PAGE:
9) Non-invasive and non-impairing pain management
Immersive VR experiences were shown as effective in guiding women through labor. Similar applications can be used for patients managing chronic pain and trama procdures. For example, Wide Awake VR released a study detailing the benefits of using VR for hand trama  procedures in an office or emergency room setting.
Benefits of VR for healthcare administrators and hospital managers
Administrators and management professionals can see some indirect benefits of VR in healthcare in the form of cost savings, as well as direct benefits from using VR training solutions.
10) Potential lower costs
Teaching hospitals and labs can reduce some operating costs by using VR solutions to work with students remotely and host live operating rooms via an immersive VR environment. Some other indirect, long-term benefits include fewer disputes and medical errors as a result of VR training, which leads to lower costs in legal fees, settlements, and administrative burden.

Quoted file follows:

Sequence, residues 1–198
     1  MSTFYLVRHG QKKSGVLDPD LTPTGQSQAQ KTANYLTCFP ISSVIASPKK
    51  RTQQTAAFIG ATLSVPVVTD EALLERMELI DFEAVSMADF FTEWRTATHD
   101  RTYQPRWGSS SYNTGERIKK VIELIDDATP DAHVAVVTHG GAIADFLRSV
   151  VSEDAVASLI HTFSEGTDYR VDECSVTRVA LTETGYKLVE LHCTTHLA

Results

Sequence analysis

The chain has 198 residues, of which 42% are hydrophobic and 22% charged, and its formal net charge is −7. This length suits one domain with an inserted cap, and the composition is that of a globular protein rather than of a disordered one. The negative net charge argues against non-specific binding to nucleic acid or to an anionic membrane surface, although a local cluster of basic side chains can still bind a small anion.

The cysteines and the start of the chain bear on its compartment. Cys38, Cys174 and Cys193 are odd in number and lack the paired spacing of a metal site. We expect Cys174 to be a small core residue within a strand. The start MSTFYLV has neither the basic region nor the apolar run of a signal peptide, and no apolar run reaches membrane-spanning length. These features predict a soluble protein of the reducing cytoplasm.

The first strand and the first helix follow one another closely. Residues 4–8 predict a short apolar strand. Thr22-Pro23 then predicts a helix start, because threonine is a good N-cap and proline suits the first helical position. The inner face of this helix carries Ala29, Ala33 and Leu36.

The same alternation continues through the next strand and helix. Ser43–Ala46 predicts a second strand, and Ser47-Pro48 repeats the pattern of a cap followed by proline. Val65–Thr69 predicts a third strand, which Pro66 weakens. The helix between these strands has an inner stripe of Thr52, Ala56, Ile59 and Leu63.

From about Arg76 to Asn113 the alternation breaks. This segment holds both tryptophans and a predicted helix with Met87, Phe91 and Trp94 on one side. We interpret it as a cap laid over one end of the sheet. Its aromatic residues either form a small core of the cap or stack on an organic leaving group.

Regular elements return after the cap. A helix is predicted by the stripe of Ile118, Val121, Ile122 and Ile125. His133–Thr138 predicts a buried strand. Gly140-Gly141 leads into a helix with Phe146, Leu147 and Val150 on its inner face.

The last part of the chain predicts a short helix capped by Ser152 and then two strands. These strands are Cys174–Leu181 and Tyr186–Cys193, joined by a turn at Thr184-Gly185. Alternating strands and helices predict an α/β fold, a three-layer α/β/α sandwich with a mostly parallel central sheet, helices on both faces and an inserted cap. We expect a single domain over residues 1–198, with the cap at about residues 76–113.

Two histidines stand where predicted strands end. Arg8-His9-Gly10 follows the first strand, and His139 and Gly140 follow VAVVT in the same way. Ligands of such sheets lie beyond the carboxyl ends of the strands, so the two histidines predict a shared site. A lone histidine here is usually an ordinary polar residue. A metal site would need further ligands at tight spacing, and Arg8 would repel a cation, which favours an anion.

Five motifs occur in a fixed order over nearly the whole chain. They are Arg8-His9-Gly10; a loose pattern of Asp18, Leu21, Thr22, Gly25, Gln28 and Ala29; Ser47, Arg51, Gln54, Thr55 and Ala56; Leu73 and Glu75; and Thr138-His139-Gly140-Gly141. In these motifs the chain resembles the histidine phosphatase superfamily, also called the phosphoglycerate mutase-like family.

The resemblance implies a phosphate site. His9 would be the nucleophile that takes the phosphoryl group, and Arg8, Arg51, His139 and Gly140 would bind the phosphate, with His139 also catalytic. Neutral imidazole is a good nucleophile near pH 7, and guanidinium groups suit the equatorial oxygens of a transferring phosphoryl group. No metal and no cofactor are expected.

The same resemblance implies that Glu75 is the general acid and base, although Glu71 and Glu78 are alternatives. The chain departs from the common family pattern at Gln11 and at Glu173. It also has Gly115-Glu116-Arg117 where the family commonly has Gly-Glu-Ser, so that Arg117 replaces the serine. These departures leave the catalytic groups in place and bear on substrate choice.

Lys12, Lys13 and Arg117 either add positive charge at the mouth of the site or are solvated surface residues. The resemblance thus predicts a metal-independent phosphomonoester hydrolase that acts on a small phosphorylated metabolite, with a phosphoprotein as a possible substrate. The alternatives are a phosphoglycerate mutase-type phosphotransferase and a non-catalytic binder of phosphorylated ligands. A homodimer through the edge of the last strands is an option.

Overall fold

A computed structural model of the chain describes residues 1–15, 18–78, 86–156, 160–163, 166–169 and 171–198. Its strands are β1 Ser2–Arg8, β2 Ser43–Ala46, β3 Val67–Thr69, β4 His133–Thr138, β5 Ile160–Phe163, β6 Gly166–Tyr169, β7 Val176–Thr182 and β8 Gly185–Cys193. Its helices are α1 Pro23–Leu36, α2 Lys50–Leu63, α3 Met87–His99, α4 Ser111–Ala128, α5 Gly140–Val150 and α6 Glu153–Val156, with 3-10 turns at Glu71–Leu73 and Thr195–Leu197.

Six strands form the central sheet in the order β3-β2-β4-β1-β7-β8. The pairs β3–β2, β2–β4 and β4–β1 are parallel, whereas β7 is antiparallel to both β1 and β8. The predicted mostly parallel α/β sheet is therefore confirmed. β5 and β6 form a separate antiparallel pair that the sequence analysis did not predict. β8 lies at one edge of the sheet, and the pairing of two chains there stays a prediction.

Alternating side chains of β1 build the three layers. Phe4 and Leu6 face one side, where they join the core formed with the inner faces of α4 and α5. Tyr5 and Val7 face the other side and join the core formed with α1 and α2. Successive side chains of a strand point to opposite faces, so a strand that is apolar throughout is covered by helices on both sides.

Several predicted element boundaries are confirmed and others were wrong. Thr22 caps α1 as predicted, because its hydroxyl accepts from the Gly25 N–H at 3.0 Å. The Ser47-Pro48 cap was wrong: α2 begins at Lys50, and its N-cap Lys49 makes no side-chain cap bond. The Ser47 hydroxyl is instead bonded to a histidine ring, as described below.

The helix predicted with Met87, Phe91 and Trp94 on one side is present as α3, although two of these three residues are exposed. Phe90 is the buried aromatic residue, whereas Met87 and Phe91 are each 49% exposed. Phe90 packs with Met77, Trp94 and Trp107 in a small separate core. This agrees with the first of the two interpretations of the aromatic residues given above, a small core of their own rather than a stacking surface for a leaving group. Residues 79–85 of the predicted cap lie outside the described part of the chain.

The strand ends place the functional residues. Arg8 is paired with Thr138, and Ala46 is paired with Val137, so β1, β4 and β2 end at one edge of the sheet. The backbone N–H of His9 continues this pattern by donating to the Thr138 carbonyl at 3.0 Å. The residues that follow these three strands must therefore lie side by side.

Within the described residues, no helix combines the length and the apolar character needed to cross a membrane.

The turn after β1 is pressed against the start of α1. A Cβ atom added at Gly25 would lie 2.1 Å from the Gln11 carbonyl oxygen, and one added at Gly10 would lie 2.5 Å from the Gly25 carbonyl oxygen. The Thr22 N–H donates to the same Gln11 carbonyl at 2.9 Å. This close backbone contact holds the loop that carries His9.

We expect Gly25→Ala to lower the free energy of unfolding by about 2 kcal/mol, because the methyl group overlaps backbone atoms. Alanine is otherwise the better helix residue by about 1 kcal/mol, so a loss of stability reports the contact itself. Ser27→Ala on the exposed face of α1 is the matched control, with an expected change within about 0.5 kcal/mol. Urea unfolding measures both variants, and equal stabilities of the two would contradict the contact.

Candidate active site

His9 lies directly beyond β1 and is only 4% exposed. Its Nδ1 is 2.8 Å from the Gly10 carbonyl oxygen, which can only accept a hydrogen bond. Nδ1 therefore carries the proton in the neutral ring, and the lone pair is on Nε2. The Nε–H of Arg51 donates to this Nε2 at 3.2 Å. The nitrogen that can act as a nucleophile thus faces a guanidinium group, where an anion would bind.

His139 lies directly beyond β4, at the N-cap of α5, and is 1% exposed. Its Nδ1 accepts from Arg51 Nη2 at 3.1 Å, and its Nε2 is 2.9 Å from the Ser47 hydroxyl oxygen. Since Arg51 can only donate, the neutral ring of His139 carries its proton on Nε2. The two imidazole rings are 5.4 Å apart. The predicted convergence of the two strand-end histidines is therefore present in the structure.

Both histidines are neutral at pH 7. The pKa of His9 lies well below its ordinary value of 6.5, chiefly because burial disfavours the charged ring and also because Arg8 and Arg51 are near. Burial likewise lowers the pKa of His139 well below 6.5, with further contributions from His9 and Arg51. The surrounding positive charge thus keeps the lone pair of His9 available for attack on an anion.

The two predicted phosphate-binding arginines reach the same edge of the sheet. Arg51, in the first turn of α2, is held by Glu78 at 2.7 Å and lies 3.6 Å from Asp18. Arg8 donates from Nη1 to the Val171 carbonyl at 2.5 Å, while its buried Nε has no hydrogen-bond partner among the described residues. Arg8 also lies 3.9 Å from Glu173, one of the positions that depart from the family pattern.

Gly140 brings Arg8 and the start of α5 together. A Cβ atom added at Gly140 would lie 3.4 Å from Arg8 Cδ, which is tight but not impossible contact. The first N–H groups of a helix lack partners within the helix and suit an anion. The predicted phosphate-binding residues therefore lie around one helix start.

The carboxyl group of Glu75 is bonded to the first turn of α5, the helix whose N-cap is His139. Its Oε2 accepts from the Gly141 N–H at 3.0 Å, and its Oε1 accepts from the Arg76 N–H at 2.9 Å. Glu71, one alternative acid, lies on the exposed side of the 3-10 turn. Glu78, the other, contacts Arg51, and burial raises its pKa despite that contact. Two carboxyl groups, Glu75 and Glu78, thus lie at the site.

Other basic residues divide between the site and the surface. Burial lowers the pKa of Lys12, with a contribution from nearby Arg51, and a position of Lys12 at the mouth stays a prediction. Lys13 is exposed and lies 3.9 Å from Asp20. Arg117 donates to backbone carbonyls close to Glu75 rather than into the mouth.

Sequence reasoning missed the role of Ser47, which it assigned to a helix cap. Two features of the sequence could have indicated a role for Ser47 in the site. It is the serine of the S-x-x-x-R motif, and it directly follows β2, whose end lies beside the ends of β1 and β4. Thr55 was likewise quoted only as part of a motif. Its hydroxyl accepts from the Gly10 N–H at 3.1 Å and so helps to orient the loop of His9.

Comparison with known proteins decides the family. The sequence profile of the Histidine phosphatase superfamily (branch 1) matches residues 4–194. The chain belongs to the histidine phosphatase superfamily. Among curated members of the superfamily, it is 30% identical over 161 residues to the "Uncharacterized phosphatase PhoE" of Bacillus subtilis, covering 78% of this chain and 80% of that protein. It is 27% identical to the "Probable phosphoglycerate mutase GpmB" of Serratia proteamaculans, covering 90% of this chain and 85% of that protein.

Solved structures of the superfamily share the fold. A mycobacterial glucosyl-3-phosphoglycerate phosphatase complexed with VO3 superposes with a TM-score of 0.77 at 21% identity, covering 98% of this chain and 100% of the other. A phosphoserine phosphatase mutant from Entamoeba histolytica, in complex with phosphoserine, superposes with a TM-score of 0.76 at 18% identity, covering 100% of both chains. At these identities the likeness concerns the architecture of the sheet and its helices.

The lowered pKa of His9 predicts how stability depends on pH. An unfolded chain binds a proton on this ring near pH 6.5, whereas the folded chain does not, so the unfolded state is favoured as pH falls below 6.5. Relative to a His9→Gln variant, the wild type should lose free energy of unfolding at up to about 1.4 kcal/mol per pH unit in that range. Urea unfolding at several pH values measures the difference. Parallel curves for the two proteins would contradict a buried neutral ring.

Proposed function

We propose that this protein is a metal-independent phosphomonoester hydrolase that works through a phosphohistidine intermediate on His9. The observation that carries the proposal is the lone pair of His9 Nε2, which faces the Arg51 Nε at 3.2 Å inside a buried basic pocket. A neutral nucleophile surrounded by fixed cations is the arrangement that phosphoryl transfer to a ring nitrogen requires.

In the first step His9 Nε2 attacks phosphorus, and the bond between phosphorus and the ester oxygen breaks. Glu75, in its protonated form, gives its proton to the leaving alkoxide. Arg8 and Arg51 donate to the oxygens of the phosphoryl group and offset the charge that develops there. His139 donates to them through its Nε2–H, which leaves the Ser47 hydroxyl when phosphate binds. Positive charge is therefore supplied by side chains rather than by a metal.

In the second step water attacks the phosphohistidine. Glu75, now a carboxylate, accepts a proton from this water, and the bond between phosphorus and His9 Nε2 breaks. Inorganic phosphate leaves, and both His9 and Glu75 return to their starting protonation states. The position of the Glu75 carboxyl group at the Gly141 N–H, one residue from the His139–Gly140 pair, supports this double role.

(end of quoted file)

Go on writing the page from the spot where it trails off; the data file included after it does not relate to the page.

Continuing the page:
11) More engaging compliance training
Healthcare workers undergo copious amounts of compliance training every year, from HIPAA to OSHA. Incorporating VR training into your compliance curriculum can help increase employee engagement and lower costs by incorporating training programs into one solution versus having employees log in to ten different programs to complete training modules.
12) Reputation for innovation
The VR market is expected to be worth over $165 billion by 2026 . Hospitals, labs, and medical groups adopting VR solutions are already ahead of the curve. Having a reputation for innovation and embracing new technologies can help medical schools attract and retain top talent in classrooms and on staff.
Benefits of VR for security teams in healthcare settings